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NEWS from the Office of the New York State Comptroller
Contact: Press Office 518-474-4015

DiNapoli: Wall St. on Track for Higher Profits

Comptroller’s Report Examines Industry’s Changing Profile in NYC

October 28, 2016

The securities industry earned profits of $9.3 billion in the first half of 2016, which puts it on course for higher profits than last year and could end three years of consecutive declines, according to a report released today by New York State Comptroller Thomas P. DiNapoli. 

“Wall Street had solid profits in the first six months of the year and, barring a major setback, profits are on track to surpass last year,” DiNapoli said. “While the securities industry in New York City is smaller than before the financial crisis, it remains critical to our local economy and one of the largest contributors to city and state tax revenues. New York City continues to be the global capital of finance.”

Last year, the securities industry got off to a strong start, but it reported a small loss in the fourth quarter, the first quarterly loss since 2011. In total, the industry earned $14.3 billion in 2015, the third year of lower profits. Although the industry earned 18 percent less in the first half of 2016 than last year, it is still a good start by historical measures and profits are on track to surpass last year’s level. Industry performance is traditionally measured by the pretax profits of the broker/dealer operations of New York Stock Exchange (NYSE) member firms.

The securities industry in New York City added 2,400 jobs in 2014 and 4,500 in 2015, but job growth has slowed in 2016. Since March 2016, the industry has begun to shed jobs. In August 2016, there were 172,400 jobs (seasonally adjusted) in the securities industry in New York City, 2,600 fewer than in March 2016. Despite the recent decline, the industry may still post a small employment gain in 2016.

In March 2016, DiNapoli reported that the average bonus for securities industry employees in New York City was $146,200 in 2015, which was 9 percent lower than the year before. So far, the amount set aside by the member firms of the NYSE for compensation in the first half of 2016 was 7 percent less than last year, which suggests that 2016 bonuses could decline for the third consecutive year.

The average salary (including bonuses) of securities industry employees in the city declined by 4 percent in 2015 to $388,000, but it was still the highest by far of any major industry in the city. While the disparity in pay has narrowed since the financial crisis, the average salary in the securities industry was still five times higher in 2015 than the average salary of $74,100 in the rest of the city’s private sector.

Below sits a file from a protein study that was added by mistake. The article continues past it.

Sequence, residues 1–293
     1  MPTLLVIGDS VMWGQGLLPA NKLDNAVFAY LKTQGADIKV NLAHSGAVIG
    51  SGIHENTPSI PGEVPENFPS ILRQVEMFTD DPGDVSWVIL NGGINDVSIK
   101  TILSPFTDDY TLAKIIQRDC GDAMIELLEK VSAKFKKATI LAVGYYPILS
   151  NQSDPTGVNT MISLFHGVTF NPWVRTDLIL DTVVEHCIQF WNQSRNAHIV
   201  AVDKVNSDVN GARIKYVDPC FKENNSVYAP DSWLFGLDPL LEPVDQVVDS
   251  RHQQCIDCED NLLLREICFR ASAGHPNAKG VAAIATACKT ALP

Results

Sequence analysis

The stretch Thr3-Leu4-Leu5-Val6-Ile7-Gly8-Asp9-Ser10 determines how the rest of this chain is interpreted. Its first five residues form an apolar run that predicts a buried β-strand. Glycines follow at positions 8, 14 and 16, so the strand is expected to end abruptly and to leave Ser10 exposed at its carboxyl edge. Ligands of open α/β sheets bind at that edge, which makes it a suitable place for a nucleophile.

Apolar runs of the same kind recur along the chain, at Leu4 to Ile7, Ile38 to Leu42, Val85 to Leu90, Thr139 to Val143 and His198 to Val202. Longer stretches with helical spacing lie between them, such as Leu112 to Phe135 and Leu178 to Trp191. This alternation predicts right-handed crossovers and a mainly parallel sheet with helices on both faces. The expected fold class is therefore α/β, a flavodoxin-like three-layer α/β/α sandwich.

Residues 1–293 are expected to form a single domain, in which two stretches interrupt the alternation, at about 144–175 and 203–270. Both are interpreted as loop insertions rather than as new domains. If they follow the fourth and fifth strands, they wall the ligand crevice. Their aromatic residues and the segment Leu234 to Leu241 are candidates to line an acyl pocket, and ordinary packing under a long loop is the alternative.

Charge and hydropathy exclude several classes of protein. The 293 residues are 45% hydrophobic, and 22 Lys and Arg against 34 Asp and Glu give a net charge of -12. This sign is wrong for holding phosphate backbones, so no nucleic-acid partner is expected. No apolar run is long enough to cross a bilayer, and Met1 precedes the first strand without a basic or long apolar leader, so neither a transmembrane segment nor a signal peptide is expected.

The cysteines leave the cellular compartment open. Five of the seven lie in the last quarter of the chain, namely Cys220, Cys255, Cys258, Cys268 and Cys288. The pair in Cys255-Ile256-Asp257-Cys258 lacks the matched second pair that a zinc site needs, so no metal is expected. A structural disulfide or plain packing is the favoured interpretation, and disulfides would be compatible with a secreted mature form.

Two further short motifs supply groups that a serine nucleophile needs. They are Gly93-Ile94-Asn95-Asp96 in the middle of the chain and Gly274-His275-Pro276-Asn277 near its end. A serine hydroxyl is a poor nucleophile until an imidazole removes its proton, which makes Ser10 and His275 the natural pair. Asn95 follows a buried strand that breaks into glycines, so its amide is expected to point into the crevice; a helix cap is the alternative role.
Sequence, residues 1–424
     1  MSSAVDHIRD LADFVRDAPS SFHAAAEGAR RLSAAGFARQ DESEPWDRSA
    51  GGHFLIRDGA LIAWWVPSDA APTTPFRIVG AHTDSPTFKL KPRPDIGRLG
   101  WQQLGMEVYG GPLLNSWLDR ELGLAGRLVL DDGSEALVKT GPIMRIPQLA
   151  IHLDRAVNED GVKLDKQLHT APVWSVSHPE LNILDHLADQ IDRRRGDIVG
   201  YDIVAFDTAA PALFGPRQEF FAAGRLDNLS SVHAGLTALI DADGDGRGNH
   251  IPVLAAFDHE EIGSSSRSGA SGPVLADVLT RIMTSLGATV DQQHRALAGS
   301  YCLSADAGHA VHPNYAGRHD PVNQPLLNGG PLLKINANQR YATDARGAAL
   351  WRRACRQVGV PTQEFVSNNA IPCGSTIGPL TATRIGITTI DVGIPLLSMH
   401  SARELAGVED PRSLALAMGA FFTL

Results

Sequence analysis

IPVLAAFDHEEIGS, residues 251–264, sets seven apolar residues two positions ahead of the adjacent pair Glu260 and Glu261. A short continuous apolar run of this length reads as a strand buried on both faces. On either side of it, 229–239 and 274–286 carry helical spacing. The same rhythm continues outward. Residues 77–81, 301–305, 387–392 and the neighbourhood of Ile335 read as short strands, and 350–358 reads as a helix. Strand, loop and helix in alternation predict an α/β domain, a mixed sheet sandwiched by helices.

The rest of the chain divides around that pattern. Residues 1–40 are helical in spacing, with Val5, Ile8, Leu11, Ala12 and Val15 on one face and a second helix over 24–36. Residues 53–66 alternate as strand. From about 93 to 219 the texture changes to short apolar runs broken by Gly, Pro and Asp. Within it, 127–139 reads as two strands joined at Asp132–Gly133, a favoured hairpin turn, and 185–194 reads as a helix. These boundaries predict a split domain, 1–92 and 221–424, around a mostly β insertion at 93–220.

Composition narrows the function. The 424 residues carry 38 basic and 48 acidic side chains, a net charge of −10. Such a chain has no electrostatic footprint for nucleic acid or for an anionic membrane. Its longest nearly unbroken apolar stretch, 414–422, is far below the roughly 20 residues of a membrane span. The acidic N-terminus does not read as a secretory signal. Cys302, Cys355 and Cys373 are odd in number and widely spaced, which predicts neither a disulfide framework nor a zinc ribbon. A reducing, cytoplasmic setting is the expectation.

The presence of the securities industry in New York City’s economy has changed since the financial crisis. The industry is smaller after shedding 8 percent of its jobs between 2007 and 2015, while the rest of the city’s private sector has grown by 17 percent. Between 1990 and 2007, the industry accounted for 39 percent of all private sector wage growth, but it accounted for just 11 percent between 2010 and 2015.

The securities industry has also moved beyond its traditional home in Lower Manhattan after the terrorist attacks on Sept. 11, 2001. In 2000, half of all industry jobs were located in Lower Manhattan, but the share fell to 19 percent by 2015. Two-thirds of the jobs are now located in Midtown Manhattan.

DiNapoli’s report also found: 

  • The securities industry accounted for 18.5 percent of state tax collections in state fiscal year 2015-2016 and 7 percent of city tax collections in the city’s fiscal year 2016;
  • Even though the securities industry accounted for less than 5 percent of the jobs in New York City in 2015, it accounted for 21 percent of all private sector wages;
  • The Comptroller estimates that 1 in 10 jobs in New York City and 1 in 16 jobs in New York state are either directly or indirectly associated with the securities industry;
  • In 2015, 23 percent of securities industry workers in New York City earned more than $250,000, compared with 2 percent in the rest of the city’s work force;
  • The securities industry was responsible for 6 percent of the high-paying jobs added in New York City between 2010 and 2015, compared with one-quarter between 1990 and 2007;
  • Between 2000 and 2015, securities industry employment in Lower Manhattan declined by 60,100 jobs (65 percent) to 33,000. During the same period, industry employment in Midtown Manhattan increased by 42,400 jobs (59 percent) to 113,700;
  • New York City accounted for 19 percent of the nation’s securities industry jobs in 2015, down from 32 percent in 1990; 
  • New York City accounted for 89 percent of all securities industry jobs in New York state, a share that has declined only slightly over the past two decades; 
  • New York state has more than twice as many securities industry jobs as California, the second ranked state; and
  • The average salary of securities industry jobs in the city’s suburbs has been growing. In 2015, the average salary on Long Island was $352,100, more than twice the average 10 years earlier. In Westchester, the average salary grew by 70 percent to $263,300.

Read the report, or go to: